Chefs Hold a Fundraiser for Louisiana

In Washington, D.C., several chefs with ties to Louisiana used their culinary skills with the state's signature Po' Boy sandwich to raise funds for hurricane survivors.

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ROBERT SIEGEL, host:

The po' boy sandwich is a staple in New Orleans. One legend says the name comes from hungry youngsters who begged, `Give a po' boy a sandwich.' Well, someone apparently took pity on those poor boys, and the rest is culinary history. Today in Washington, DC, a group of high-profile chefs with ties to New Orleans spent the morning selling po' boy sandwiches to benefit Hurricane Katrina survivors and also recovery efforts. NPR's Rachel Jones sent this audio postcard from the grand opening of the Louisiana-themed Acadiana Restaurant. Chefs there hope to start a nationwide movement of po' boy power fund-raisers.

Unidentified Woman #1: Would you like a roast beef po' boy or a shrimp po' boy?

Mr. GUS DeMILLO (Partner, Passion Food Hospitality; Acadiana Restaurant): I'm Gus DeMillo. I'm one of the partners with Passion Food Hospitality and owners of Acadiana. The whole idea is we open up a restaurant to really shout about and tell the world about the great legendary foods of the Louisiana area. So many of our friends are suffering down there that we did a real big benefit for the opening to hopefully provide some money to help get the wetlands back again. And today we're selling roast beef and shrimp remoulade po' boys for $25 or anything more you want to pay.

Unidentified Woman #2: Shrimp? Just one?

Unidentified Woman #3: Yes. Just--yeah.

Unidentified Woman #2: OK. And would you like water? That's a $5 donation. $5.50 donation?

Unidentified Woman #3: Five.

Mr. JEFF TUNKS (Chef-Owner, Acadiana Restaurant): My name is Jeff Tunks. I'm the chef-owner of DC-area Acadiana Restaurant. I worked in New Orleans for three years and got married in New Orleans and obviously been hit hard by this disaster down there. So we're trying to do as much as we can today to make some po' boys and raise a little bit of money during the same time. So...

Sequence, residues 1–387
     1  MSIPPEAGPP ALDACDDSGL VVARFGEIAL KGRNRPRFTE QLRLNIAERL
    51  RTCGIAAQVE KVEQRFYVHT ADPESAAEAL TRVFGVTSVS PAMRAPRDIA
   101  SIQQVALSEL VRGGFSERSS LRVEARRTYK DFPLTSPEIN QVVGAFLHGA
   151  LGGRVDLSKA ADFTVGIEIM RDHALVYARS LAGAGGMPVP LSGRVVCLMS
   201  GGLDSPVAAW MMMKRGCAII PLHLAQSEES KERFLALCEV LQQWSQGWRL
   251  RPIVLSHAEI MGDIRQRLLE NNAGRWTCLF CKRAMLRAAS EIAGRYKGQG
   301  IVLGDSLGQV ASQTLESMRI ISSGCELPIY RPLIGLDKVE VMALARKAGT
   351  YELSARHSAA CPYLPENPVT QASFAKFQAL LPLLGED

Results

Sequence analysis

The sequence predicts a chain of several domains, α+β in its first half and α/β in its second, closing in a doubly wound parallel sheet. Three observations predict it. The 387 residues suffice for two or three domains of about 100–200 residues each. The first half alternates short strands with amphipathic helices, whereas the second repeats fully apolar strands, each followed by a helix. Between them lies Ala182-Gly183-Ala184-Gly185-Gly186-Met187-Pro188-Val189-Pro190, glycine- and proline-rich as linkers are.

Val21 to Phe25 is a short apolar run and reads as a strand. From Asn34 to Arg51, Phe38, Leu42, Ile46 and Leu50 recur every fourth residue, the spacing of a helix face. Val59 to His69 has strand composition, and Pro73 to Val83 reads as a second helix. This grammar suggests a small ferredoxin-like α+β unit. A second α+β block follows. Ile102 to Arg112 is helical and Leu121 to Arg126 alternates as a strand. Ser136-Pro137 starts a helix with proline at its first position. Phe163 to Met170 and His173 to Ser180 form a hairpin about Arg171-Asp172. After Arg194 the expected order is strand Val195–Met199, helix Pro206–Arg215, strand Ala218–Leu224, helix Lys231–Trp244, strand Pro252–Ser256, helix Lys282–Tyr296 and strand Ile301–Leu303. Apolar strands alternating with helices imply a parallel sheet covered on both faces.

Unidentified Woman #4: Your po' boy. Enjoy!

Unidentified Woman #5: Thank you.

Mr. JOHN BESH (Chef-Owner, Restaurant August and The Besh Steakhouse): My name is John Besh, chef-owner of Restaurant August and The Besh Steakhouse in New Orleans, Louisiana. I spent the last week in New Orleans trying to feed some of the relief workers and some of the evacuees, and it's heart-wrenching just to see such a beautiful city underwater and just in the turmoil that it finds itself in right now.

Unidentified Woman #6: Two more!

Unidentified Man #1: Two more? What? Is it only cash?

Unidentified Woman #7: No. We have--can take your credit card.

Unidentified Man #1: OK. Yeah, I'll take one.

Unidentified Woman #8: We take everything.

Unidentified Woman #7: Can I take your credit card...

Unidentified Man #2: Traditional po' boy is usually a fried seafood or a roast beef-type po' boy. The--because it's got a volume, the fried seafood wouldn't travel very well. So we decided to sort of take a spin on it and make a shrimp remoulade--it looks like a shrimp salad basically--for the po' boy. So that's the one. The next one we're doing over there is more of the traditional roast beef po' boy, where we have the braised shoulder meat, and we're serving that the same way, dressed with lettuce, mayonnaise and tomatoes. So...

Unidentified Woman #9: We got roast beef. They're on that side, right?

Unidentified Man #3: Right. This one is--this one here is the shrimp.

Mr. DeMILLO: You go to a cocktail party in Washington, DC, and the first question they ask you is, `What do you do?' You go to New Orleans, you go to a cocktail party, they ask you, `Where did you eat?' They are so passionate about their food and their culture that I think they're--I think you'll be surprised how quickly they'll come back.

Unidentified Man #4: There you go.

Unidentified Woman #10: At 1:10.

Unidentified Woman #11: 1:10.

Unidentified Man #4: And, sir, you got the 1,200th sandwich today.

(Soundbite of laughter)

Unidentified Woman #12: We sold out at 1:10.

Unidentified Man #5: Thank you.

Unidentified Man #4: Congratulations. Thank you very much, everybody. Good job, everybody.

(Soundbite of cheers and applause)

SMITH: That's Gus DeMillo, Jeff Tunks and John Besh today at the opening of Acadiana Restaurant in Washington, DC.

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